What Are the Options for Male Birth Control?

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Medically reviewed by Soma Mandal, MD

The most common and effective methods of male birth control are condoms and vasectomies. Other methods include the withdrawal method, outercourse, and abstinence, although these are often less effective and more difficult to sustain. Hormonal male birth control options are being studied, but are not yet available.

About 45% of pregnancies in the United States are unintentional. Major strides have been made in the past century for female birth control, providing several effective methods to choose from, but the options available for male birth control methods are much more limited.

For example, the most common method of male birth control—condoms—isn’t nearly as effective as female hormonal birth control choices. Vasectomy, the most effective male birth control method, requires surgery and is intended to be irreversible. As such, there is significant interest in hormonal birth control for men and the majority of both men and women.

Related: Birth Control Methods Ranked by Effectiveness


Condoms are the most commonly used type of male birth control, with over 50 million couples using them to prevent pregnancy. Condoms can prevent, though not fully eliminate, the chances of acquiring a sexually transmitted infection (STI) from intercourse.

The advantages of condoms are that they are relatively easy to acquire, inexpensive, and don’t have many side effects. However, many users complain that sexual intercourse is less enjoyable and can feel disrupted when condoms are used.

Importantly, condoms are less effective than other forms of birth control. When used correctly and consistently, condoms are 98% effective, meaning that for every couple that uses them about 2% will become pregnant.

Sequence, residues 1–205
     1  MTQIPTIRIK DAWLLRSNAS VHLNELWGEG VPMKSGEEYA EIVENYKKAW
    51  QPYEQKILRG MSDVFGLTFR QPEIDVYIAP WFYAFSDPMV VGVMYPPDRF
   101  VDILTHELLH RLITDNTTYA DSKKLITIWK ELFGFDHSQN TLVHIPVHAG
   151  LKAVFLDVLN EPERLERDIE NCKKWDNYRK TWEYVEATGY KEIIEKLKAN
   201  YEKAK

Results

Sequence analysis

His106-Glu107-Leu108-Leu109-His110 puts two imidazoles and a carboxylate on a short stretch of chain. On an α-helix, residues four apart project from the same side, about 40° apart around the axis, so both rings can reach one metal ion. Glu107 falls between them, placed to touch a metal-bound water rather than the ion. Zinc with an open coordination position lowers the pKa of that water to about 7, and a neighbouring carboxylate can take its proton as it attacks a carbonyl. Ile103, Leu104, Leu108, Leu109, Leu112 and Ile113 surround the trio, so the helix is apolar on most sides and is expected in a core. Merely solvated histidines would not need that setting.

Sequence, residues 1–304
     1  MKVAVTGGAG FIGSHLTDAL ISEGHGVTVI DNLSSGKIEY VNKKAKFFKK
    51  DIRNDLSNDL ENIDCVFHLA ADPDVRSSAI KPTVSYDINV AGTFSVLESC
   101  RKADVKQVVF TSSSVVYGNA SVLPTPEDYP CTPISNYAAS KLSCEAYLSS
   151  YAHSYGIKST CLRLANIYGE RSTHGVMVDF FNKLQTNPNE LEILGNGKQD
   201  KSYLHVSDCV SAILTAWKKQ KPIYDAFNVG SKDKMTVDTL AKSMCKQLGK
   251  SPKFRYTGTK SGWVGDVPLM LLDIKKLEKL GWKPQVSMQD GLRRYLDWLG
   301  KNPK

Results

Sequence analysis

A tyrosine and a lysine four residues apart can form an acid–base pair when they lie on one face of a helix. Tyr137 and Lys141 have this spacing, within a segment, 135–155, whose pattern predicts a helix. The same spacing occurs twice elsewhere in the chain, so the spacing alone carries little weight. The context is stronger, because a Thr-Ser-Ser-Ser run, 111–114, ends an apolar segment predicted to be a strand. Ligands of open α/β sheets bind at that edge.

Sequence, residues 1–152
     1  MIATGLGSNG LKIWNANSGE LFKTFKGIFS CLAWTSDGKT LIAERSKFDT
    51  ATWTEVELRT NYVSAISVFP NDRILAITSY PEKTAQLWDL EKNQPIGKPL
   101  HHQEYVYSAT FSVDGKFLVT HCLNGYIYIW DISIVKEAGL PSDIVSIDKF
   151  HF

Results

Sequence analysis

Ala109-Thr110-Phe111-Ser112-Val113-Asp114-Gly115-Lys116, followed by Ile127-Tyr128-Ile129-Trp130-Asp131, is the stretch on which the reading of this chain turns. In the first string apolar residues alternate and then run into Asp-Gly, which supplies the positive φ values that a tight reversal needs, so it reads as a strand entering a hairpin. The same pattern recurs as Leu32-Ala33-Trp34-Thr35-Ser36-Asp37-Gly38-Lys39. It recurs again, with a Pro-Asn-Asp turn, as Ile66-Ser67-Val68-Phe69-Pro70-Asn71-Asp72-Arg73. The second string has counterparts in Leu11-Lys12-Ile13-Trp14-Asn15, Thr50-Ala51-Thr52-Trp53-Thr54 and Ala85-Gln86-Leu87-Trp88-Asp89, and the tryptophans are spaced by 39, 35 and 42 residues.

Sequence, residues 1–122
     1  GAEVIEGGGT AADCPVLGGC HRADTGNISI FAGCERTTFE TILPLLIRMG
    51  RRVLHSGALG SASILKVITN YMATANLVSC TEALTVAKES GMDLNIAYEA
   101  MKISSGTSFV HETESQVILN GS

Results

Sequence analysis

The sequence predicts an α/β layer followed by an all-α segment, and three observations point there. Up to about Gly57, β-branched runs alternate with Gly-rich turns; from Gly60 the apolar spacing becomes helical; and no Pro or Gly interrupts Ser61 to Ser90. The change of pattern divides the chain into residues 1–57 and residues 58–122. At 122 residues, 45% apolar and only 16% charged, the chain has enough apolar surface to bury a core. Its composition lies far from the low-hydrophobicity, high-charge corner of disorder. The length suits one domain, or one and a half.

However, when you look at typical use for condoms—meaning how they are used in real-life situations—they are only about 82% effective. This means that 18% of couples using condoms as their main birth control method will become pregnant within about a year.

You can increase condom effectiveness in the following ways:

  • Use condoms every time you have intercourse

  • Put the condom on directly before intercourse, not during foreplay

  • Don’t use expired condoms

  • Read condom instructions carefully and put the condom on correctly

  • Check that there are no tears in the condom

  • Store condoms in a cool, dry place (don't keep them in your wallet)

  • Don’t use condoms with nonoxynol-9 spermicide

  • Use latex or polyurethane condoms only

  • Use water-based or silicone-based lubricants, and avoid oil-based lubricants or products

Related: Can a Condom Get Stuck Inside You?

Withdrawal Method

The withdrawal method is when you end intercourse right before ejaculation, and ejaculate somewhere other than the vagina. This method has been used for centuries, is free, and has no side effects. However, it has several disadvantages, including the fact that many couples don’t use it correctly or consistently. Its typical use rate also translates to a low effectiveness rate.

The withdrawal method is not an effective or reliable method of preventing pregnancy. When used perfectly, meaning that you use it every time you have intercourse and don’t begin to ejaculate before pulling out, the method is 96% effective. However, the typical use rate for this method is low, with a 73% effectiveness rate. This means that 27% of couples using this method will get pregnant.

Related: What Is the Likelihood of Getting Pregnant From Precum?


Abstinence is when you refrain from having intercourse altogether. It’s the most effective method of birth control, with a success rate of 100%. However, most people can’t follow this on a long-term basis. The failure rate among couples during the first year of using this method is about 25%.

Related: What Does It Mean to Be Asexual?


Outercourse is defined as sexual practices that don’t involve ejaculation in the vagina. This can include oral and anal sex, masturbation, ejaculation on other parts of the body, dry humping, and other non-vaginal intercourse options. Many couples use this method and it’s 100% effective when used consistently. Similar to abstinence, this method can be challenging to adhere to and when not followed correctly, pregnancy can result.

Related: Is Oral Sex Really a Leading Risk Factor for Throat Cancer?